By the late 1970's, it was abundantly clear to the Library's staff and trustees that the building given to the community 50 years before could no longer adequately serve the growing community. Warwick was undergoing a population explosion as new residents from more crowded areas nearby sought the lower housing prices and taxes that Orange County offered. Even with using the basement area for children's services, either the library would cease to serve as a vital part of the community if it did not grow. The decision was made to expand the library, using the remaining land the library owned for an addition. In order to ease the impact on the taxpayers and allow for passage of these plans, however, it was necessary to do everything possible to raise the funds by alternate means. The library possessed just one treasure that could help. In 1956, local historian Grace Bennett had given to the library an oil painting done by the well known Hudson River School artist, Jasper Cropsey, who resided in Warwick for a time. A portrait of Wickham Lake, it was now extremely valuable. After agonizing over this decision, the Library Board realized that the escalating price of the artwork would help pay for the library's addition, and selling it would remove the worrisome burden of providing adequate security for the painting in a public building. After consulting with Mrs. Bennett, it was sold for $50,000, a record price for a Cropsey, in the spring of 1980. The sale was not without controversy, however, as a number of local citizens expressed disappointment that the picture had been removed from the community. In an ideal world, such choices would not have to be made, but Albert Wisner's legacy had had to grapple with financial reality and strive to meet the demands of a growing citizenry many times already.

The sale of the painting enabled the trustees to begin the process of planning for an addition to the now extremely-cramped library. In 1983 construction was begun, adding another level and a lobby area. The new addition, designed to blend in perfectly with the existing exterior architecture, was dedicated on Dec. 11, 1983.  It increased the library's area to around 5,000 square feet. The lobby area's ground level entry provided handicapped access to the circulation desk and a few types of library materials for the first time in the library's history. Hours were extended, and the increased space allowed for acquisition of many new books. Collections of diverse materials such as books on cassette, videos, etc. that the public now expected could also be expanded.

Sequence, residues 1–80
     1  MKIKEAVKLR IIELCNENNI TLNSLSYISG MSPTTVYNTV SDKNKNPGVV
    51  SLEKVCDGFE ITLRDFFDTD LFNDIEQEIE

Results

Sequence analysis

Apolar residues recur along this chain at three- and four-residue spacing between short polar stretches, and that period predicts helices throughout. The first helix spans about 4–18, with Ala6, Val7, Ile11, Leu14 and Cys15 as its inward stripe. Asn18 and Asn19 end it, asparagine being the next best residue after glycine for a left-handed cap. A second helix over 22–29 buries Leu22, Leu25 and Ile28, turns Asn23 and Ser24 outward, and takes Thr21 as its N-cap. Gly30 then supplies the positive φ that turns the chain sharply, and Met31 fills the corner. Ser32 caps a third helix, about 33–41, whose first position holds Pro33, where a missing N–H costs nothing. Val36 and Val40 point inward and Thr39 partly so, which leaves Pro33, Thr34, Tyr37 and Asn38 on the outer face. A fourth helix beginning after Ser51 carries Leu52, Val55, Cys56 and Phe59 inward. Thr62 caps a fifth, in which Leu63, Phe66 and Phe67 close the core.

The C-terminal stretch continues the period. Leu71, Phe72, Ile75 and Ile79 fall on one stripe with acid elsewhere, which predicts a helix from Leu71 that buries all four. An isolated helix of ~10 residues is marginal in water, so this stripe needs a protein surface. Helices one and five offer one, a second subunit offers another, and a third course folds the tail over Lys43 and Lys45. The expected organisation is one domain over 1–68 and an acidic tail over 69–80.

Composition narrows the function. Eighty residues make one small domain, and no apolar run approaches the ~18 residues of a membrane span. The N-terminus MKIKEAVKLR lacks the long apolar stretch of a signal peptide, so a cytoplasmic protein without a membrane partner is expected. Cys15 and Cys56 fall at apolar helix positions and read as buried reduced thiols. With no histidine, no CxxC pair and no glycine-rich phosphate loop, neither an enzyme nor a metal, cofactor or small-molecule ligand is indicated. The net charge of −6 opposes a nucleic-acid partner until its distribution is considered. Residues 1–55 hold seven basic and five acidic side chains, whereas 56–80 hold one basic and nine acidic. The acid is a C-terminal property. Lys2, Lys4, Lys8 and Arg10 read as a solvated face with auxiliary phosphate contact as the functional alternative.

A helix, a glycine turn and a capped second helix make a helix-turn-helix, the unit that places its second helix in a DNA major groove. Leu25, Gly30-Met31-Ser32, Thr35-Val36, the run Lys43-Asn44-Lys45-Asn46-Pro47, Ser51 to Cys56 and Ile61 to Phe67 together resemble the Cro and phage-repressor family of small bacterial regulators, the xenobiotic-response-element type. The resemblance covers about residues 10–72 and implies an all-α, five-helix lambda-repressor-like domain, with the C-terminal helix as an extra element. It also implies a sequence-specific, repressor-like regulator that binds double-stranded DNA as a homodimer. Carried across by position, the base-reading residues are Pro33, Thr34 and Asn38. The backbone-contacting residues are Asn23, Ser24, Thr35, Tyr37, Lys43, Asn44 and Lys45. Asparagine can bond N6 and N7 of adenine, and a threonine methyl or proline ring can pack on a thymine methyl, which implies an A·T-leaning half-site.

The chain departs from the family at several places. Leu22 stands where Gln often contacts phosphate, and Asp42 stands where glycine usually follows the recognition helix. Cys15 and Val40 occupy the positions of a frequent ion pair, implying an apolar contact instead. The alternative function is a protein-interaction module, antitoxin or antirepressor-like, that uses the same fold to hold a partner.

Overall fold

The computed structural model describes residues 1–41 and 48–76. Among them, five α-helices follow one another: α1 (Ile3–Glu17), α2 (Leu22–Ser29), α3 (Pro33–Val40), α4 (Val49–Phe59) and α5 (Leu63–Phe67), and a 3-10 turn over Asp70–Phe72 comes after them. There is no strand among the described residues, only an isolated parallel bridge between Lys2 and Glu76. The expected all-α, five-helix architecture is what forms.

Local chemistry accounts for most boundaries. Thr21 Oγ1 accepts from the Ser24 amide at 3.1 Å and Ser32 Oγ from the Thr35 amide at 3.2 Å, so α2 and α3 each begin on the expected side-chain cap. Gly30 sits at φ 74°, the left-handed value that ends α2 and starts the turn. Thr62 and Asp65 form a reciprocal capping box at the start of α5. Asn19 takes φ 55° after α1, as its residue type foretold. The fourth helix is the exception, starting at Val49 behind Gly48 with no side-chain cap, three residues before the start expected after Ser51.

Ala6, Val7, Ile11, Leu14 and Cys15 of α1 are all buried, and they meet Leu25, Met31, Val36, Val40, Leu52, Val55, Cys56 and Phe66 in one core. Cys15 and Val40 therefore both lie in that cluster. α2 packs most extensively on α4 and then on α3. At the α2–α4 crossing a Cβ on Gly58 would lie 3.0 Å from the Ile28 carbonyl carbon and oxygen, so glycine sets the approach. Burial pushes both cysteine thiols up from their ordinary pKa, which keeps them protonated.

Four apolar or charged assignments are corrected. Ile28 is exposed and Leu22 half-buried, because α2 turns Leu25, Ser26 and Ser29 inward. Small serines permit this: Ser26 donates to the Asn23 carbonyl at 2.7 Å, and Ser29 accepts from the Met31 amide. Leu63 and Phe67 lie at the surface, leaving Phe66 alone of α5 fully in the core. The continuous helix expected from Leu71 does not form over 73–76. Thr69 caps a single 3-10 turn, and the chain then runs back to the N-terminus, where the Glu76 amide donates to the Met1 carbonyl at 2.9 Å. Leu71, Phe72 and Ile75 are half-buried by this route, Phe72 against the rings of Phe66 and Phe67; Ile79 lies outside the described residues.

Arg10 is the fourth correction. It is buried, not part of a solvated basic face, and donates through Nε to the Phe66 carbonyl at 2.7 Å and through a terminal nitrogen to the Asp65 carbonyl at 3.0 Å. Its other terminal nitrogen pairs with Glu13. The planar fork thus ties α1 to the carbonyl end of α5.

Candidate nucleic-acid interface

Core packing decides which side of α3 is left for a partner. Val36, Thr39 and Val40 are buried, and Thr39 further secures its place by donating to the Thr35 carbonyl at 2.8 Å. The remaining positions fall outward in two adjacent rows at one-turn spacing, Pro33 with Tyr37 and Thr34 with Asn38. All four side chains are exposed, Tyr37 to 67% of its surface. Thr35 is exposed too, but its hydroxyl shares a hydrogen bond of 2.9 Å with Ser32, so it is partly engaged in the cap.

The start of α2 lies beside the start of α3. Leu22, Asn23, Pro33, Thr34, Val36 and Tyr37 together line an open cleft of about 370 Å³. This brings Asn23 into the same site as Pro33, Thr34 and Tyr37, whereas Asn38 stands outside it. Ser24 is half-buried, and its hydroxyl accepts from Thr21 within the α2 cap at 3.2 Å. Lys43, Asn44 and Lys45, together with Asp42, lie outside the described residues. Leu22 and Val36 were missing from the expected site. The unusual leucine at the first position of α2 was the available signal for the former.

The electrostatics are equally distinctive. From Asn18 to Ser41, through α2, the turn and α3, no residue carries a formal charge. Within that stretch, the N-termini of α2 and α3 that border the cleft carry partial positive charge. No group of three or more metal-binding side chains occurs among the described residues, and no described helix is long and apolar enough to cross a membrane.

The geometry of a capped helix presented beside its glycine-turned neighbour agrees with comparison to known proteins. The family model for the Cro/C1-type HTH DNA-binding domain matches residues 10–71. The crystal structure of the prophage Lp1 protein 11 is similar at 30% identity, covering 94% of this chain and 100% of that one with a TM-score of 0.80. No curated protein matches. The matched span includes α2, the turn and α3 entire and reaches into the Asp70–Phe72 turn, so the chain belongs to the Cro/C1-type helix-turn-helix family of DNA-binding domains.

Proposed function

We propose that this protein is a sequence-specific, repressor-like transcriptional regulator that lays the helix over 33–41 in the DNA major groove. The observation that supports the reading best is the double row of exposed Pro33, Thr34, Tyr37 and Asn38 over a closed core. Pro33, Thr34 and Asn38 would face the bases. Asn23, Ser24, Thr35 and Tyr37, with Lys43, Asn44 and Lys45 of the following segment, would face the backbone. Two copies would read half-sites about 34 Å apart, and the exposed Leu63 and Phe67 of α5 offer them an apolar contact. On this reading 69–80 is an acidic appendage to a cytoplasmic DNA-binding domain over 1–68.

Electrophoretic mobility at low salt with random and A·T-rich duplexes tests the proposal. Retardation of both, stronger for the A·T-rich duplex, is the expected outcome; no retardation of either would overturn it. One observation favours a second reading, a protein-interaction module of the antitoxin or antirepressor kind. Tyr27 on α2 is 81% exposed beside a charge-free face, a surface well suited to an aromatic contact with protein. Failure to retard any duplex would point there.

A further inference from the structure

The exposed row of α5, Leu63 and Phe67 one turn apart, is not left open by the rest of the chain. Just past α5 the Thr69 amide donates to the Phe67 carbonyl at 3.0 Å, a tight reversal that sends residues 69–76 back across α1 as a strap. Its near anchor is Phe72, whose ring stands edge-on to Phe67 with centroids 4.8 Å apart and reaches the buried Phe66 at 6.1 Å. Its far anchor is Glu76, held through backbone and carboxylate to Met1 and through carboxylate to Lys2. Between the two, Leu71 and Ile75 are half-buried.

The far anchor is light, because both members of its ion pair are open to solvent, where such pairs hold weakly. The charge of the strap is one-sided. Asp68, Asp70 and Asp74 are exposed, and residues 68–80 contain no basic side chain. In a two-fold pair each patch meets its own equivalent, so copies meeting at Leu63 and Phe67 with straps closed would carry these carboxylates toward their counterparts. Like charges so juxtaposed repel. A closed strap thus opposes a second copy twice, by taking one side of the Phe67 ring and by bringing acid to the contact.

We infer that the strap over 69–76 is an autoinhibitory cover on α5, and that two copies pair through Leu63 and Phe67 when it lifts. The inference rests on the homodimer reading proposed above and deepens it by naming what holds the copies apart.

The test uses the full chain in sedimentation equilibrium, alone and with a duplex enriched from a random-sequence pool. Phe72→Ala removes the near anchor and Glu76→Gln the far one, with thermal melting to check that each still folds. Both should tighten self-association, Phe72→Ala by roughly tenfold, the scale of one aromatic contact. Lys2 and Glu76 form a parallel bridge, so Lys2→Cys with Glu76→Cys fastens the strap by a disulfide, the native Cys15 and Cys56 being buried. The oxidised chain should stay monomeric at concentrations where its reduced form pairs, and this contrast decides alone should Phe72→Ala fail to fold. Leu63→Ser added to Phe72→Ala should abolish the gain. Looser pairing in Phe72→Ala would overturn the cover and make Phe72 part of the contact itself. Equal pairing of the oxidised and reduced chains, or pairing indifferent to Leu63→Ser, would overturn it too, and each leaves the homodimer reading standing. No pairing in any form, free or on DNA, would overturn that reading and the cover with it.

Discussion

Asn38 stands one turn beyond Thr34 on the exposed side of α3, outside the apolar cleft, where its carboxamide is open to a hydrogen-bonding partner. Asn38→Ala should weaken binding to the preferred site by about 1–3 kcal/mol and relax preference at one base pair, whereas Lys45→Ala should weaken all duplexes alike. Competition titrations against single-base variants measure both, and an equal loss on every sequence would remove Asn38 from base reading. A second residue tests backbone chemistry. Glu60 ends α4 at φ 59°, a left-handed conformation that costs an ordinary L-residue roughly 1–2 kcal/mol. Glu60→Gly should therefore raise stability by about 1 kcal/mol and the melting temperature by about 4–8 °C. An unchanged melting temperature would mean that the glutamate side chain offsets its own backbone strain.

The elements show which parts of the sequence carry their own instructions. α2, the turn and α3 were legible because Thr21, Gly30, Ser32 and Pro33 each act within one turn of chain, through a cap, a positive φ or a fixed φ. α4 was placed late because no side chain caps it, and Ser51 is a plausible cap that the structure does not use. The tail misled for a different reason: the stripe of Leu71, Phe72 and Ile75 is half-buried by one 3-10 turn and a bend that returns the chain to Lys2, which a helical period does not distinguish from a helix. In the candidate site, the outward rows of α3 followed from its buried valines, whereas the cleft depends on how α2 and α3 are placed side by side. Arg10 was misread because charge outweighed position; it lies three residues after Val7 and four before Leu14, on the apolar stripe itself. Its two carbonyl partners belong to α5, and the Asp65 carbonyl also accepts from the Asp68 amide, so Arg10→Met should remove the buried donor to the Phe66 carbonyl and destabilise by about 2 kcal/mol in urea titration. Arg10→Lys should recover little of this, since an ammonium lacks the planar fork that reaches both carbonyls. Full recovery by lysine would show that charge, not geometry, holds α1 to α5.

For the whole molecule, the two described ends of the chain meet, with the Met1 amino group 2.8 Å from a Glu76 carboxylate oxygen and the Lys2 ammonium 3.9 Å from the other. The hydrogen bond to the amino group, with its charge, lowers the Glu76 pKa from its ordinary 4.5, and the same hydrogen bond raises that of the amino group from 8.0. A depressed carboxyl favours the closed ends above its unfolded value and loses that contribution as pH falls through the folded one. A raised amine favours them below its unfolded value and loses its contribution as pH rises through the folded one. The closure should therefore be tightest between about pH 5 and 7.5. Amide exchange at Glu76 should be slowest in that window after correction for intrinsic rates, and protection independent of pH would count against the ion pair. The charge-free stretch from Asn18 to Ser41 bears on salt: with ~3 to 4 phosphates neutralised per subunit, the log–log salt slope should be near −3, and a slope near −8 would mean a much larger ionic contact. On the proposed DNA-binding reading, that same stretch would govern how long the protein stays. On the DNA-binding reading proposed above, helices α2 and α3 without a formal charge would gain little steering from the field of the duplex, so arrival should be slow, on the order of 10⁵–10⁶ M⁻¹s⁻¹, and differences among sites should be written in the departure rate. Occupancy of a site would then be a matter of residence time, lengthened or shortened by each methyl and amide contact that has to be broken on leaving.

Population Explosion & Cyberspace

During the 1970s, 1980s, and 1990s, Warwick saw an unprecedented growth rate. As the population surged, by the mid-1990s it became apparent that the expanded facility would not serve much longer. Programs for children were so oversubscribed that the staff was forced to institute a lottery system to choose which preschoolers would benefit from its early literacy services such as story times.

Despite the physical and financial challenges of the facility, the library continued to advance and embrace new services and technologies as they became available and in demand.

In May 1995 the library began circulating and cataloging books using the computer system that the Ramapo Catskill Library System developed. It became much easier to locate books at other libraries and request them. The library began contracting for magazine and information databases on behalf of its patrons, and remote access at home to the catalog to request books and access the full text of many magazines, journals, and reference books became a reality in the late 1990s. The cyberpatron was born.

Far from diminishing the reliance of its citizens on the physical library building, the Information Age has seen increases in all aspects of usage of the facility; more books are taken out, more requests are received, more people come in each day, and more programs are attended by more people than ever before. Additionally, amid proliferating resources, the librarians are ever busier helping patrons navigate the information wilderness, both online and off. The population shift to an increased ethnic and cultural diversity has highlighted the need for the library to be pro-active in providing for information and literacy resources at all levels, and how important is was to try to offset the ever widening gap between the information 'haves' and the 'have nots.'

The library began offering public access Internet and word processing workstations in the mid 1990s. Cramming what would fit into badly needed former seating space, Wisner Library's two public computers offered the only place in the Warwick Central School District school children and adults who did not have Internet or computers at home could go to freely access information on the Web or prepare their reports, resumes, and other tasks for which a computer is necessary.